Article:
Richard Strauss's Der Rosenkavalier is their operatic calling card, with Flott playing the part of the pre-menopausal Marschallin, Murray the breeches role of her aristocratic young lover, Octavian. Flott's performance is available on video but no record company has captured the two of them together on disc, despite their having stormed opera houses around the world in another variant on their estimable double act. "Tom and Jerry", says Flott, a throwaway remark that obscures their acting skills, something they use to subtle effect in recital and on disc. Describing Flott's performance as Ellen Orford in a recent performance of Benjamin Britten's Peter Grimes, one critic declared that with singing this good, one wondered why the opera wasn't called Ellen Orford.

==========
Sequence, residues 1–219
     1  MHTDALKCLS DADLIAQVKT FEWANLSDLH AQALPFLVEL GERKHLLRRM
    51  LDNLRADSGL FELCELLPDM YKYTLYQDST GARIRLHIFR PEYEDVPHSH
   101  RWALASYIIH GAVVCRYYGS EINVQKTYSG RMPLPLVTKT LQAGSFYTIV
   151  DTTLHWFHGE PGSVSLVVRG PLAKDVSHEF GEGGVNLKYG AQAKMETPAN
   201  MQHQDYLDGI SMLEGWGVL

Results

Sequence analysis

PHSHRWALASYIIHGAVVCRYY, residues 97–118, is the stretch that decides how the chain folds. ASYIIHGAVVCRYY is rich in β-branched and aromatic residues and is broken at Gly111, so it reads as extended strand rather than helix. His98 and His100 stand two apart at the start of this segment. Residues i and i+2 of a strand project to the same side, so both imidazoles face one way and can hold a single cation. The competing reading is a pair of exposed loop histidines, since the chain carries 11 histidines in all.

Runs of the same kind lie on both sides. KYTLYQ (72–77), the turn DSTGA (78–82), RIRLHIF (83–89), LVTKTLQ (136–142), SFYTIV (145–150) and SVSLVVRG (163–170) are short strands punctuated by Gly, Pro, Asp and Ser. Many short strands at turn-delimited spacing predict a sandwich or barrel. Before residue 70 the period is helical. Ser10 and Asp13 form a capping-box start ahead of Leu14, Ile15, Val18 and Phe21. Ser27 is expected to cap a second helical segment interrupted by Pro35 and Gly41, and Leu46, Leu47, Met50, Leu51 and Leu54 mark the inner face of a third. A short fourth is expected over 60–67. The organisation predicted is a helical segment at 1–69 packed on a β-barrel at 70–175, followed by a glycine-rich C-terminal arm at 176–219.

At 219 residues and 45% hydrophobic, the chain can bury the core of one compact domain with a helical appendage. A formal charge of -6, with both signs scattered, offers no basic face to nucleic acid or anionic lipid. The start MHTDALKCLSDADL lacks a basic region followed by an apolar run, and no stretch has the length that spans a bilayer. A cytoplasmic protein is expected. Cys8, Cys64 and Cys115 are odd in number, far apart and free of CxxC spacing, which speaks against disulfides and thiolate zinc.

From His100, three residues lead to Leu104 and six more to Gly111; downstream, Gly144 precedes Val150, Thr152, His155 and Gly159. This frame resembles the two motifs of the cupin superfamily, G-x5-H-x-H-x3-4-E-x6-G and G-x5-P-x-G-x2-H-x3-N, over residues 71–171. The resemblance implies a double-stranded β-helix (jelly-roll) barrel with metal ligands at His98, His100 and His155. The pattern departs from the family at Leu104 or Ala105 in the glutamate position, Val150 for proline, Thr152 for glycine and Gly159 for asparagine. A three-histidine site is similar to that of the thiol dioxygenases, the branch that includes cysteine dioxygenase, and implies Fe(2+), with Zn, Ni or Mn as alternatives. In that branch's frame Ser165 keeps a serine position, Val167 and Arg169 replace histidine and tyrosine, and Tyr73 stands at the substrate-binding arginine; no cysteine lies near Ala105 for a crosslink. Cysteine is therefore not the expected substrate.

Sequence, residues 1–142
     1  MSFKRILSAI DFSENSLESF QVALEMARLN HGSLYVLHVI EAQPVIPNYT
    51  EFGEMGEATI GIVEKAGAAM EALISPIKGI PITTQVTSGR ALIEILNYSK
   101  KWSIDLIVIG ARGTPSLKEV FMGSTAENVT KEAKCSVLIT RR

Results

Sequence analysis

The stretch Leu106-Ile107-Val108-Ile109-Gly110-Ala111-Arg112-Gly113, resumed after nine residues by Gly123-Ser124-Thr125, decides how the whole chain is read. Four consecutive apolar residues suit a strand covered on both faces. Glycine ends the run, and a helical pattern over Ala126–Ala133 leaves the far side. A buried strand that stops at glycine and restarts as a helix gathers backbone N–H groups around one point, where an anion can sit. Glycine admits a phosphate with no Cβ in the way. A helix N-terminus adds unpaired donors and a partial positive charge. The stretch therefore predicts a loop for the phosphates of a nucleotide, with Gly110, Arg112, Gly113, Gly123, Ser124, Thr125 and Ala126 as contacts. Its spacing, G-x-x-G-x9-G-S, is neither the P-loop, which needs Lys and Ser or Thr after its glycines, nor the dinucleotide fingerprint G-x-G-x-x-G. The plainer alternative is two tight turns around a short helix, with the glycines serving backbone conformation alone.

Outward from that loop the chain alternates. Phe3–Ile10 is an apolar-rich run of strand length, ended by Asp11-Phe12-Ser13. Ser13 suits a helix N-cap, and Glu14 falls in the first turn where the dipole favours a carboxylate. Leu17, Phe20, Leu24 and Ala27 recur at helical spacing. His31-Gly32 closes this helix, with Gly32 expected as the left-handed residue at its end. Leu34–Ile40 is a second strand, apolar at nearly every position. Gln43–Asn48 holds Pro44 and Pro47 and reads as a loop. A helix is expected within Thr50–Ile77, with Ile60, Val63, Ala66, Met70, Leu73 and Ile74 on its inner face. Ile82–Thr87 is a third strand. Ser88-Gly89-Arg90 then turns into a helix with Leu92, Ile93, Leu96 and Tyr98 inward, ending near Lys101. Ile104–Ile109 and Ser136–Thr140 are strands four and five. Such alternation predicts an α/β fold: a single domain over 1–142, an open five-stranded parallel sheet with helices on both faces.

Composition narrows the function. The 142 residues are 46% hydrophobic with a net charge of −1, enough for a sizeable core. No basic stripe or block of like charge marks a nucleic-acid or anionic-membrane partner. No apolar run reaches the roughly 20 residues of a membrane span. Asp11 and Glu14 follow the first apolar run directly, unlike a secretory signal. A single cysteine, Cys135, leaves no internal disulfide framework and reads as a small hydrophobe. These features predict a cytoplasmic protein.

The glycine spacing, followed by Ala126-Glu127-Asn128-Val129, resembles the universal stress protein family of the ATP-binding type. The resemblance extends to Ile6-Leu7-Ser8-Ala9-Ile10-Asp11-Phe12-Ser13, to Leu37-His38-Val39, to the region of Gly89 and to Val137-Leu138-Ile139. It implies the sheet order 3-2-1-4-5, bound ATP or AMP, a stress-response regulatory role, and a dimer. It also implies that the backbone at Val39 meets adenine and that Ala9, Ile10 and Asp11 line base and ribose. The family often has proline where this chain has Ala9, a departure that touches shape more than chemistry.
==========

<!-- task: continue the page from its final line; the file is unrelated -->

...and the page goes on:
As Flott continues to develop her ever deepening Strauss repertoire, Murray is moving ever upwards from standard mezzo territory towards roles - such as Despina, the duplicitous servant-girl in Mozart's Cosi fan tutte - more traditionally associated with the soprano voice. ("She's pinching our repertoire," growls Flott). Conversely, she's also braving Wagnerian waters with the Valkyrie sister Waltraute, which she sings next month in Covent Garden's new Ring cycles (she has nothing but praise for producer Richard Jones) and with her first Brangaene in Tristan und Isolde. "And when I'm not doing that I'll be in church, praying."